Type of mortgage: The first step is to investigate the options available – they are always increasing – and which is the best fit for your current needs. The 30-year fixed with a low interest rate and low closing costs may not be it if you only intend to stay in the property for a few years, in which case an ARM with low teaser rate and no prepayment penalty might be ideal. This search, if done comprehensively, also will turn up special opportunities such as Farmers Home Administration (FMHA) mortgage for rural areas as well as InterestFirst™ loans for those not planning to put down roots.
Lenders: Once you have narrowed down the general type of mortgage that is right for you, then select a number of lenders to interview about that one kind of loan. During this, don’t neglect to consult with your present lender. You can create that list by checking their information online and their reputation through online reviews and word of mouth. Remember what lenders promote as their terms and conditions usually are only available to those with excellent credit. That’s why you need to talk with several to find out what they will actually offer you.
Making systematic comparisons: There can be vast differences in the packages lenders will initially offer to you and which you can attempt to renegotiate, so here are the key items you must methodically compare among them:
- Interest rate: What is being offered as rock bottom rate? Usually this isn’t set in stone and is open to negotiation such as bypassing a conversion clause on an ARM for a lower teaser rate.
- Points: How much of the “points” is the lender willing to finance as part of the loan? You may not be able to pay this upfront. Refinancing lenders often require a percentage of the total loan amount as a kind of down payment expressed as points which begin at one percent and with more points added the interest rate can be less.
- Lock Ins: Since interest rates fluctuate daily and the loan may take more than 60 days to close, you must ask when the rate will be locked in, if there is the option to take advantage of a lower rate which might become available before closing, and how much do such provisions in the contract cost you.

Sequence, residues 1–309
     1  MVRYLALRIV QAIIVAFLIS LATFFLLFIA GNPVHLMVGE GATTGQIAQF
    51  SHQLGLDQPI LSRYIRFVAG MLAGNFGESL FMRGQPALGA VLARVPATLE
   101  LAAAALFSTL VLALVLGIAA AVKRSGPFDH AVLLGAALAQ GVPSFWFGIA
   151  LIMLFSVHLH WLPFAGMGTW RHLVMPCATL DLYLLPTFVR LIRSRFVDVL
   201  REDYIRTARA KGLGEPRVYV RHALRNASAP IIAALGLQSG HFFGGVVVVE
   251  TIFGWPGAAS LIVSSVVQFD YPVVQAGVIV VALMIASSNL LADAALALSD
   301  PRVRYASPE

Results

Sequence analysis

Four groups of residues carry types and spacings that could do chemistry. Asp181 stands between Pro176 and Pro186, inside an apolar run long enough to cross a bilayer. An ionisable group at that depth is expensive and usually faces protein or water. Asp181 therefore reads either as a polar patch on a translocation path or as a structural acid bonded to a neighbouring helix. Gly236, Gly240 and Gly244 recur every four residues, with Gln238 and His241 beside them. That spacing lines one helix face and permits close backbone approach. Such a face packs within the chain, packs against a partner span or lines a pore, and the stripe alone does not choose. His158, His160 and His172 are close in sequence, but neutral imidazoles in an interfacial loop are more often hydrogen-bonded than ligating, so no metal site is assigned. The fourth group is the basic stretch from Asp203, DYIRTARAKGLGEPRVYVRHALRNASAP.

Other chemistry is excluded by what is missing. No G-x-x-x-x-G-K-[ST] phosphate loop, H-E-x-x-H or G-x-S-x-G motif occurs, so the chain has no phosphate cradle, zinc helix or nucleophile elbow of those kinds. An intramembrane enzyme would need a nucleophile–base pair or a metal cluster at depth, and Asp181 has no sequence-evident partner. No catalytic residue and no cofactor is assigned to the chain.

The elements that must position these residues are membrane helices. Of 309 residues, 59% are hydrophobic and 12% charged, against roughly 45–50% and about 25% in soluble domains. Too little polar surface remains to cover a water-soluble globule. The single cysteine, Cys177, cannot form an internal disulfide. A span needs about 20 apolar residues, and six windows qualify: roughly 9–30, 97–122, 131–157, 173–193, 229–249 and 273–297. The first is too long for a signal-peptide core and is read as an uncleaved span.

- Equity required without private mortgage insurance (PMI): Usually PMI is required for mortgages which are for more than 80 percent of the property’s value. In some cases PMI can be eliminated through negotiation, which therefore should be high on your list of priorities in what you want from a lender.
- Prepayment penalties on current and new loans: These can add thousands of dollars so their existence and amounts determine whether to refinance at all and, if so, with what lender. You want a loan without this kind of restriction.
- Closing costs: Those expenses which come under the umbrella of “closing costs” involve countless transaction fees associated with financing real estate, including the credit report, application, loan origination, title search, legal services and transfer taxes. Some lenders will waive all or some of these, others will not. Since they can add up to thousands of dollars, the lender’s terms regarding them can be the deal maker or breaker.
(Also read: The Pros & Cons Of Refinancing A Mortgage.)
After you investigate what lenders will offer you, you might decide that the timing is not right for you to refinance and you could spend the next half year repairing your credit and bringing in more income. Or you might recognize that you are well positioned in your personal finances to negotiate and “pull the trigger.”
With so much economic volatility in the 21st century, there is no perfect time or perfect deal for refinancing. However, the odds are better for getting the mortgage you need if you do your homework and approach negotiations as the important business transaction that it is.